Employees step up to save Elkridge company

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Elmer Ong (left) and Gerald Turner (right) move rolls of material at the plant.

A paper-thin sheet of polyester thousands of feet long rolled about four miles an hour through a coating machine, filling the space at Elkridge Coating Technologies on Monday afternoon with a steady, low hum. It's the sound of chances taken, a business and jobs saved.

Not exactly what Bill Decker and his two partners necessarily had in mind only months ago, before they owned the place, before two of them had owned any business at all. But there was the opportunity, and they took it, rather than see the operation shut down, taking 20 jobs with it.


"You don't get a chance to do something like this very … often," said Decker, 57, a chemical engineer by training who had worked in the business in product development and sales for more than 11 years before people started hearing rumblings of change in the joint venture that owned the business.

By early fall last year it was clear the business was going to close. Used industrial equipment brokers already were snooping around.


By then, though, Decker had been talking with operations manager Gene Shellenberger, who'd been given a wild suggestion by an executive of one of the two joint venture partners: Why don't you buy the company?

Shellenberger, of Baltimore County, and Decker, of Howard County, had not owned businesses or run one, but they knew the products and the equipment in this relatively small, specialized industry. The company coats various sorts of paper and sheer plastic to prepare the materials for use in an array of products: adhesive tapes, sticky labels, display boards used at trade shows and museums, even murals at Dulles International Airport.

They called on Shellenberger's uncle, Ron Harden, of Baltimore County, who had years of management experience with the Public Storage company and also had his own business acquiring and managing self-storage operations. A partnership was born, but they still needed help.

Decker said he had a basic question: "How do you do this?"

He called Howard County Councilwoman Mary Kay Sigaty, who put him in touch with Lawrence F. Twele, CEO of the Howard County Economic Development Authority. This sort of thing, Twele said, is "the meat and potatoes of what we do."

The county helped the partners renegotiate their lease, provided a $100,000 loan and enlisted the help of the Maryland Industrial Development Financing Authority, which backed the partners in their application for a bigger loan from Howard Bank. That reassurance was key, Harden said, because for years the previous owner had run the operation at a loss, making it a tougher sell for a loan.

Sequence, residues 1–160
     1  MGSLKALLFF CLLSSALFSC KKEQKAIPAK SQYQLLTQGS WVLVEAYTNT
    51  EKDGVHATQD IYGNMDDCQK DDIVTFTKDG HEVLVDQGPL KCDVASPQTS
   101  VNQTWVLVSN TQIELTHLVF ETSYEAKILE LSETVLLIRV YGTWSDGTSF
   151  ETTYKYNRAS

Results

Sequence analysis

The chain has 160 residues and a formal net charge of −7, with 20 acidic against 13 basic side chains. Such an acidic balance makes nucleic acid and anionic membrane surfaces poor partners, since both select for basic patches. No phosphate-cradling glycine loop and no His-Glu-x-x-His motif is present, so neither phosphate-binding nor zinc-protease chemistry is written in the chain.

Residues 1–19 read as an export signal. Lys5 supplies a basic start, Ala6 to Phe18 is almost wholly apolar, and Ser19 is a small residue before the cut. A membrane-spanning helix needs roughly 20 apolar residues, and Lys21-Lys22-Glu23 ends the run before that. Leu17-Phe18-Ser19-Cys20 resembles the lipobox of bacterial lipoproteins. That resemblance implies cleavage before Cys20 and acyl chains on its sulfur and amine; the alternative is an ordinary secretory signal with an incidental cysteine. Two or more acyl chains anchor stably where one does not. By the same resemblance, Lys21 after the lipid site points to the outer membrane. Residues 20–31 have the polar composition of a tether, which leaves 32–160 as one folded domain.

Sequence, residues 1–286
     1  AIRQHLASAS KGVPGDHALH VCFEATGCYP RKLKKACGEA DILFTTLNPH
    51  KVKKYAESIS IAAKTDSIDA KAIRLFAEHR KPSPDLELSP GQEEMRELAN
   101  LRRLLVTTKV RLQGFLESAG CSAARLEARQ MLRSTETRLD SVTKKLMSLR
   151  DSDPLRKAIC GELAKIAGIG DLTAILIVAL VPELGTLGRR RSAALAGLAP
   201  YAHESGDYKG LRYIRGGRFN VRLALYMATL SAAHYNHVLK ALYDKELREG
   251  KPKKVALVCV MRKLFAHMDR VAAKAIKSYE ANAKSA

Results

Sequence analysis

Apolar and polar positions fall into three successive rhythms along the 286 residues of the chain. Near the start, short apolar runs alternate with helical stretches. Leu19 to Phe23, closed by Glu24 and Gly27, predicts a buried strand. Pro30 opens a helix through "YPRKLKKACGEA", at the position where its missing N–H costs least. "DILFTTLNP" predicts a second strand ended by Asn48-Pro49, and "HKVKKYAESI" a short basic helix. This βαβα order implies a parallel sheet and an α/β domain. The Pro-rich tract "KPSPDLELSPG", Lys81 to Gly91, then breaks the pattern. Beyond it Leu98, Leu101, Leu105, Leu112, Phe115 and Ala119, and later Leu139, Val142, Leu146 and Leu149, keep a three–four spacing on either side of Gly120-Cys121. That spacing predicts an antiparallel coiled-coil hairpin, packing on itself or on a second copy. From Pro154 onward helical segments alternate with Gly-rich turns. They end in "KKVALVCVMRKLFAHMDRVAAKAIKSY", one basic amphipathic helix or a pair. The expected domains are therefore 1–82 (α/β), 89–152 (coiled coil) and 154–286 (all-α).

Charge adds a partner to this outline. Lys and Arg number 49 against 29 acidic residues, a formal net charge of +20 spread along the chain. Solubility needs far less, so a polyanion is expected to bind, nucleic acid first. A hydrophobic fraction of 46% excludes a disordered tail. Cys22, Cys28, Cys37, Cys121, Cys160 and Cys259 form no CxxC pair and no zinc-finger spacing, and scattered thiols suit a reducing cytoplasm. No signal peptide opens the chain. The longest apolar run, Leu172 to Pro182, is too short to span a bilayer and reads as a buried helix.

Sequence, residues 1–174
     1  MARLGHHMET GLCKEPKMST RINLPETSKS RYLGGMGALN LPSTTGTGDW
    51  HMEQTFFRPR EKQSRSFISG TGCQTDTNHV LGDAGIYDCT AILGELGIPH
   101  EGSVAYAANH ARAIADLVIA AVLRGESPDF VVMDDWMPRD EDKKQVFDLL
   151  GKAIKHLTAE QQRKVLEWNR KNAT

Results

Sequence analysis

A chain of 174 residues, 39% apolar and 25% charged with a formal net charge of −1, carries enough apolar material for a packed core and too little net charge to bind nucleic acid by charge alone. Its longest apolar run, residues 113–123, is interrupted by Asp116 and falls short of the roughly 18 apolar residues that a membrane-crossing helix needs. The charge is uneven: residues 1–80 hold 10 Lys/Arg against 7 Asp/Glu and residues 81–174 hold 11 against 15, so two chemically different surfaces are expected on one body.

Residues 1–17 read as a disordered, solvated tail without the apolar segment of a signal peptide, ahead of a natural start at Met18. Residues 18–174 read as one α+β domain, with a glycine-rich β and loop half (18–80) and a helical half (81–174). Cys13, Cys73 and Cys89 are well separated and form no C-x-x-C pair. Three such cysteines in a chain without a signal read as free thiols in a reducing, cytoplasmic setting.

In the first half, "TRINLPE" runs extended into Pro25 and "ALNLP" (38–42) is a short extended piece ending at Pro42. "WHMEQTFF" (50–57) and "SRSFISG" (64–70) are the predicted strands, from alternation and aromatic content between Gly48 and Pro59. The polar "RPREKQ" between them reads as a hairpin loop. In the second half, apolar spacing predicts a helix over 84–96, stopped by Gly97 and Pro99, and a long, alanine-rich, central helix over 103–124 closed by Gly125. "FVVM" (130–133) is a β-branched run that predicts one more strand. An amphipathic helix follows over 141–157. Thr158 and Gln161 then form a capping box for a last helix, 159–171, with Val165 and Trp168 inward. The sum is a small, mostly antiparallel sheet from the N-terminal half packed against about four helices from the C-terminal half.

"We couldn't have gotten the loan approved without the support of the state," Harden said.

It was all rather nerve-racking for Decker, who was sailing into what for him were uncharted waters.


"There were some sleepless nights," said Decker, who had parted ways with the prior owner in the fall and was out of work.

He said he kept thinking, "I do not want to go get a job. I want to do this. I didn't want to work for someone else."

All the while, the work kept going, the paper and plastic on rolls four and five-feet wide kept running through the coater, a machine that stands nearly 30 feet high.

Several months after the previous owners delivered bad news, Decker had the good news that the deal was made. Elkridge Coating Technologies bought what was the manufacturing operation of Neschen GBC Graphic Films LLC, which had been owned partly by the German firm Neschen AG.

Terms of the deal were not disclosed. Neschen said its U.S. operations had been losing about $2 million a year when it announced an agreement to sell them.

The purchase saved the jobs of the 20 full-time employees in manufacturing.


"We were happy we were able to work with these local entrepreneurs who wanted to save this company," Twele said.

They cut the ribbon earlier this month, and the work goes on, but it's only been a few months. Too soon to call this a "success story," Decker said.

"Talk to me in another two years," he said.